Top Frequently Asked Questions (FAQs)
Both a Reverse Mortgage and a Home Equity Loan use the equity you have in your home to generate cash. With a Reverse Mortgage, you don’t need to make monthly mortgage payments for as long as you stay in the home. However, with a Home Equity Loan you need to make monthly payments on the principal and interest.
The amount depends on several factors: a. Your age b. The type of Reverse Mortgage you select c. Current interest rates d. The location of your home e. The appraised value of your home f. Federal Housing Administration (FHA) lending limits in your area.
You can receive it in a range of options: a. Lump Sum b. Monthly payments c. Line of credit (take funds when you need them) d. A combination of the above
No. You don’t make monthly repayments with a Reverse Mortgage, so there are no income or credit report qualifications.
You may still be eligible for a Reverse Mortgage depending on the amount of your remaining mortgage versus the value of your home.
The funds from a Reverse Mortgage usually do not affect regular Social Security or Medicare benefits. However, need-based benefits, such as Medicaid and Supplemental Security Income (SSI), may be impacted. Contact a tax professional about your particular situation.
Most Reverse Mortgages have variable rates that are tied to a financial index and will vary according to market conditions and products. The Reverse Mortgage Group offers both – variable and fixed rates.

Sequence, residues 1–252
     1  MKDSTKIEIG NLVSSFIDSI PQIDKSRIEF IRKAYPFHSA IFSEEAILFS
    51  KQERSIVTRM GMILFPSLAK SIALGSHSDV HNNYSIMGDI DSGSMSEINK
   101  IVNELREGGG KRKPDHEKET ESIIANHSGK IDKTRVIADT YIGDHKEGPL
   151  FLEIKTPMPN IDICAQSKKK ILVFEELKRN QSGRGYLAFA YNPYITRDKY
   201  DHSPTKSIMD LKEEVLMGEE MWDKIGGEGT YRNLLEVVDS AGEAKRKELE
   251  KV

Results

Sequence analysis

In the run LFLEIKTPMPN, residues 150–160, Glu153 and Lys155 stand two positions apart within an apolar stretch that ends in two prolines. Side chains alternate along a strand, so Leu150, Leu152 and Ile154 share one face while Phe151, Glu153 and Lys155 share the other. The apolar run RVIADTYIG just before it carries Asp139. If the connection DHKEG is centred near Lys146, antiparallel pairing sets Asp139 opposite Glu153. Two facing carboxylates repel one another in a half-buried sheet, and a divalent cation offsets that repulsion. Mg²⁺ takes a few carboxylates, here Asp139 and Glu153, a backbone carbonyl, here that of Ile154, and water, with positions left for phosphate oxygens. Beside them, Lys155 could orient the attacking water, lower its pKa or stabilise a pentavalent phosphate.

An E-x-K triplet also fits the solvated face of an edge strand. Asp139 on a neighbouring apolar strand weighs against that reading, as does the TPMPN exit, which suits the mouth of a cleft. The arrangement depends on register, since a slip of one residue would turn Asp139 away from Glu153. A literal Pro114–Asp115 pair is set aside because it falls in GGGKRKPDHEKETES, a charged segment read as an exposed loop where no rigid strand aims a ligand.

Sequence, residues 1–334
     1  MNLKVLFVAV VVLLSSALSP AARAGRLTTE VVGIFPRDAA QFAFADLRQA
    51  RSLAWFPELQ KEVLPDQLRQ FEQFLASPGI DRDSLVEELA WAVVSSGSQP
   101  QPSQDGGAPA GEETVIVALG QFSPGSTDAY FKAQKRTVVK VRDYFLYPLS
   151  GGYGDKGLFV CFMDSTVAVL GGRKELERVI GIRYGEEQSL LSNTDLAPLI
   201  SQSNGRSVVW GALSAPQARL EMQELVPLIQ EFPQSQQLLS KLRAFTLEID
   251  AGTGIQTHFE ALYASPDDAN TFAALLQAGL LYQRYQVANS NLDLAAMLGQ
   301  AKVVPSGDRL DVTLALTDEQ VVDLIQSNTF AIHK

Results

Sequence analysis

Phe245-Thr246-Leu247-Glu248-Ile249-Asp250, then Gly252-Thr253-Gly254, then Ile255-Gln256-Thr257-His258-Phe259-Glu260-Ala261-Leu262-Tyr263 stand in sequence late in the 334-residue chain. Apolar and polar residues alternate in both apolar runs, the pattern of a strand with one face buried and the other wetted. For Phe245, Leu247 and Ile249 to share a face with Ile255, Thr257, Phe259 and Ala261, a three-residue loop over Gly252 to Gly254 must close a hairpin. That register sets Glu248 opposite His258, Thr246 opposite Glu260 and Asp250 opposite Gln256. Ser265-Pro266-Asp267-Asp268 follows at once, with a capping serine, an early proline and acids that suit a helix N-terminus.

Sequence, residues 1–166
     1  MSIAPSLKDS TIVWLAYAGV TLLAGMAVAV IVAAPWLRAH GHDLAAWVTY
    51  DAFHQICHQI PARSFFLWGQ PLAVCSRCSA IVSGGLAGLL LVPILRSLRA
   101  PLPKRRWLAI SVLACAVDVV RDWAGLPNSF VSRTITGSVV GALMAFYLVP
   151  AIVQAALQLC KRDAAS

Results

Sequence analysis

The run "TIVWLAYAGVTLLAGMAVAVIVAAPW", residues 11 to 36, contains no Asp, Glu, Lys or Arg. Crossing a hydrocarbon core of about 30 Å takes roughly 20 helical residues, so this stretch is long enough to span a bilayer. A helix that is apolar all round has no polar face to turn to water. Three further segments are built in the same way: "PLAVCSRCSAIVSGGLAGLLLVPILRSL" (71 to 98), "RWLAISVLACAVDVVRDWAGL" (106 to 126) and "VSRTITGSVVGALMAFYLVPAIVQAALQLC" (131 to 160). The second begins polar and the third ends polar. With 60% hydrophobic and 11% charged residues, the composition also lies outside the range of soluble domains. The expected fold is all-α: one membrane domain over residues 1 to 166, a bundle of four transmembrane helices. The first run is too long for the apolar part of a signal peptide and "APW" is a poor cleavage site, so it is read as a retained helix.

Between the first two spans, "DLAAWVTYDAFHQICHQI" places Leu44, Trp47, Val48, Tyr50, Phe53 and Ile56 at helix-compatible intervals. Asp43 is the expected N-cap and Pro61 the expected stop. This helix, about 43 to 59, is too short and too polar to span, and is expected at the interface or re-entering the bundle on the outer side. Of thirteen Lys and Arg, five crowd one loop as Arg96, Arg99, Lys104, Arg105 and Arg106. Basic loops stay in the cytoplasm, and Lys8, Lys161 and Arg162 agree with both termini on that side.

Yes, refinancing is a possibility. This option can be advantageous if the home increases in value, making more equity available.
Most Reverse Mortgages have an origination fee, closing costs, a mortgage insurance premium, and a monthly servicing fee. These fees can be paid by the Reverse Mortgage itself. The cost are added to the principal and paid along with interest when the loan becomes due.
The loan balance needs to be repaid, along with interest and fees. This is usually done through the sale of the house or other assets of the estate. Repaying it through a conventional mortgage is also an option.
When the loan becomes due, you or your estate must repay the lender for the cash received from the Reverse Mortgage, plus interest and service fees. Any sale proceeds in excess of the loan balance belong to you or your heirs.
The Reverse Mortgage loan must be paid in full when one of the following occurs: a. All borrowers permanently move out of the home b. The last surviving borrower passes away, sells the home, or fails to live in the home for 12 consecutive months c. You fail to pay property taxes or insurance d. You let the property deteriorate beyond what is considered reasonable wear and tear, and do not correct the problems .
The surviving borrower can continue to own and live in the home – and enjoy all the benefits of the Reverse Mortgage.
If one spouse is not 62, there are still strategies that can be employed that will enable you to obtain a Reverse Mortgage. These strategies can be very safe and practical.
Your home doesn’t have to be in perfect shape, however if there are minor repairs that are required by the lender, they can be done after the closing in most cases.
The federal government determines the interest rate for HUD Reverse Mortgages. This means that no matter where you go for your Reverse Mortgage, the rate will be exactly the same. You want to work with a lender that is helpful, knowledgeable, and professional and that doesn’t try to pressure you.